Minister of Finance Pravin Gordhan has shown that it is possible to hold those in public office to the highest standards of accountability and protect the integrity of public office and institutions. He has acted swiftly, professionally and transparently, in a manner that befits his high office and that of the office of the South African Revenue Service (SARS) commissioner.
The same standard should be applied in all cases of alleged corruption and impropriety in the government to reinstil the public’s confidence in public officials and elected representatives who command public power and manage public resources.
Former SARS commissioner Oupa Magashule did not commit a crime. He resigned because his actions constituted a failure to promote and maintain a high standard of professionalism and ethical behaviour that is expected of someone in his position.
Too often, the mantra, "innocent until proven guilty", is trotted out to justify inaction or lengthy suspensions on full pay, as if to say that only proven criminal conduct is unacceptable.
However, Gordhan has firmly established that unimpeachable ethical conduct is the appropriate standard to be applied to high office.
If this was the standard adopted by other leaders in the public and private sectors, we would be well on the way to combating corruption and impropriety.
There are many instances in the private and public sectors where such high ethical standards and a transparent handling of allegations of corruption need to be applied. To name a few:
The endless disturbing revelations on the Nkandla upgrade, which indicate that public resources were inappropriately used to secure the private home of President Jacob Zuma. While Corruption Watch looks forward to the report of the public protector on the matter, we continue to insist that the report of the investigation should be made public. In the meantime, as with all cover-ups, evidence of impropriety and financial misconduct slowly seeps out, as if from a broken sewage pipe. The appalling lack of transparency that has characterised the government’s handling of this matter brings several high government offices into disrepute, including that of the Presidency itself.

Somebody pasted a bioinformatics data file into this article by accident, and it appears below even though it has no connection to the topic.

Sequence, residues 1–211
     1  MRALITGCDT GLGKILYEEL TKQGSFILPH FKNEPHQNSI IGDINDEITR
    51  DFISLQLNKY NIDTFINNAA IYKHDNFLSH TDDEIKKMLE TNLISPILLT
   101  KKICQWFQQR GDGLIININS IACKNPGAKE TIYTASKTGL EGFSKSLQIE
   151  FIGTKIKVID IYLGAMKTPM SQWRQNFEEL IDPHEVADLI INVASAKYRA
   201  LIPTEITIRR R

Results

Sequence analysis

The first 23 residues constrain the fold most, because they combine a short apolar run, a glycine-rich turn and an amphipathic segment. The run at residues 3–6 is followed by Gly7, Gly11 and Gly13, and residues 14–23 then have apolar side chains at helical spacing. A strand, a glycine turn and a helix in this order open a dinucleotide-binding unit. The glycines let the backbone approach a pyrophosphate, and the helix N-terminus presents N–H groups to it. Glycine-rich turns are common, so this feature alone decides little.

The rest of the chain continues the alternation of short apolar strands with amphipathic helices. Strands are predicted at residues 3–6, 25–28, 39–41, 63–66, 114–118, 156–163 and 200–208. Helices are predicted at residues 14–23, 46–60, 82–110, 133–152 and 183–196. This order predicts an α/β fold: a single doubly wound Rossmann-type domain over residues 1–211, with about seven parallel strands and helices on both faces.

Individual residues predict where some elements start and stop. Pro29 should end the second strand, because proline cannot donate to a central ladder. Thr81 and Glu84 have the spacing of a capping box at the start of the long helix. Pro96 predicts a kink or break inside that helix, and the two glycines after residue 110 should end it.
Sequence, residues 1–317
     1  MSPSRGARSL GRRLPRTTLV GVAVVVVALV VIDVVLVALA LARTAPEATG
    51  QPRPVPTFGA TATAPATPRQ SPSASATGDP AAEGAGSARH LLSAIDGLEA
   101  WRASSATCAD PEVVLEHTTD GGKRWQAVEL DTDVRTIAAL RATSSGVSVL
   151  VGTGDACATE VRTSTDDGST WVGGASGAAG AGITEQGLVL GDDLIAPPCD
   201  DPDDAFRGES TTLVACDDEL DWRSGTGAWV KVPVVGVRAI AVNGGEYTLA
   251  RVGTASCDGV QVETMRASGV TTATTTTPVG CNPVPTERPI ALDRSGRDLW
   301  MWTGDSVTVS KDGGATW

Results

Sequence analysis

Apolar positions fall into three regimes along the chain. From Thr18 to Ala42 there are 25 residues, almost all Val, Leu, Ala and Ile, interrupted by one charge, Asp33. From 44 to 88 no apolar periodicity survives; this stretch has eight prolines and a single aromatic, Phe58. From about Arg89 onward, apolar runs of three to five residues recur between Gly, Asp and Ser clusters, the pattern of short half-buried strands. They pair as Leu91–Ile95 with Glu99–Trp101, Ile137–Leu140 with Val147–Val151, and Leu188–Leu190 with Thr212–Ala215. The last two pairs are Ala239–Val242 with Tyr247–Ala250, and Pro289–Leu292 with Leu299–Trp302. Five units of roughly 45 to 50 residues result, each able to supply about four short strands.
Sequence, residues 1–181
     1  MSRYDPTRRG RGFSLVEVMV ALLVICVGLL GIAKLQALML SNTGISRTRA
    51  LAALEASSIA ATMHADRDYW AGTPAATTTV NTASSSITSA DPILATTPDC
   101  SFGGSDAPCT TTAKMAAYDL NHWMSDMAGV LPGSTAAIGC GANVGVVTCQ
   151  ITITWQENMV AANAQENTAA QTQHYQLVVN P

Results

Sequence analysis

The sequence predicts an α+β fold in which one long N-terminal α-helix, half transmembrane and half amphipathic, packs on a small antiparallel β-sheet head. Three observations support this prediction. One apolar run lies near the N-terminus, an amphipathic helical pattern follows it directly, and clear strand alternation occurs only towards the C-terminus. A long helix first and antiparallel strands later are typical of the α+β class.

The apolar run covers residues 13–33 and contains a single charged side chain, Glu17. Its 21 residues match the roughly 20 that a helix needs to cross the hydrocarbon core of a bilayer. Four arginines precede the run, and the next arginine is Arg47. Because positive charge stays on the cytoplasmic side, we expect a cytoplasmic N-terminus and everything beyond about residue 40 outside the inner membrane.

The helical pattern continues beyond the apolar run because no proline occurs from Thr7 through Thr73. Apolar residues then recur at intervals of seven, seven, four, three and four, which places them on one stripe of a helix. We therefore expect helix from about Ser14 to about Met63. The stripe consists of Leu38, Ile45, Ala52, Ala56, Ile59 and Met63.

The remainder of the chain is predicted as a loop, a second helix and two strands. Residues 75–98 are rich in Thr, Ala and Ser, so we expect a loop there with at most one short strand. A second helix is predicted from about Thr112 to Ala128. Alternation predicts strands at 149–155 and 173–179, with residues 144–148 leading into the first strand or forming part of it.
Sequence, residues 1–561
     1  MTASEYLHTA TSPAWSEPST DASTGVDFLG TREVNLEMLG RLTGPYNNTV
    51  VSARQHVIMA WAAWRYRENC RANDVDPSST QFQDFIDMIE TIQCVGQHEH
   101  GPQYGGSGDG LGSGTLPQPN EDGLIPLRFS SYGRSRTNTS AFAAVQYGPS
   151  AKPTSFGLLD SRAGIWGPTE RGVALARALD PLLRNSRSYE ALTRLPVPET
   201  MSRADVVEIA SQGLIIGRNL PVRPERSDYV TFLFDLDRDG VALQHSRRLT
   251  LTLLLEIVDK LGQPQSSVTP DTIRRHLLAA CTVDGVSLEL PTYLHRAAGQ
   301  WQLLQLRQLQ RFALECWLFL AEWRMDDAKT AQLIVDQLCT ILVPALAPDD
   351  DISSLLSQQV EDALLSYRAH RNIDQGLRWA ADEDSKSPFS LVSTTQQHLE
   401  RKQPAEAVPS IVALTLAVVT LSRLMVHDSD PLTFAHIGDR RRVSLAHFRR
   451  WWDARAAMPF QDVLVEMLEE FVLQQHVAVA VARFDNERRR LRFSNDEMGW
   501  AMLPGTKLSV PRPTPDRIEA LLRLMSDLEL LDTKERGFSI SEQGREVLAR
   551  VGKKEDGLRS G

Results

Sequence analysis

The former minister of communications, Dina Pule, stands accused of serious nepotism and financial misconduct. She has been removed from the Cabinet, although, in marked contrast with the SARS matter, the public has not been told why she has been dismissed. Does her dismissal mean that she, too, will escape accountability for her apparent misconduct? And if she resigns from Parliament, will this mean that even the rather toothless parliamentary inquiry presently under way will be subverted?
No apparent action has yet been taken against Agriculture, Forestry and Fisheries Minister Tina Joemat-Pettersson, despite the public protector finding her guilty of breaching the executive ethics code by spending more than R420,000 at a guesthouse during the 2010 Soccer World Cup and another R151,000 of taxpayers’ money to fly her children home from a holiday in Sweden.
The office of the president, of the Cabinet, and all other public offices — and construction bosses please note, this includes high office in public companies — are institutions whose very foundation are built on the trust and credibility of South African citizens.
That trust has to be earned and it has been eroded by the clear absence of political will to confront corruption.
At the same time, there are clearly those in the highest reaches of the government who appreciate the need for public trust, and none more so than the integrity displayed and demanded by the minister of finance.
This does not mean that the public has to agree with all of the policies of the National Treasury.
But it does signal that the public can trust that policies and programmes that emanate from the Treasury have been developed in good faith; they are not covers for the private benefit of some or other senior public official.
Gordhan has shown that the highest ethical standard should be upheld by public office bearers and that the integrity of public institutions is the lifeblood of sound, democratic governance.
Let this become the standard against which other public and private sector leaders are measured. – David Lewis, executive director of Corruption Watch.
This article first appeared in Business Day. View the original here.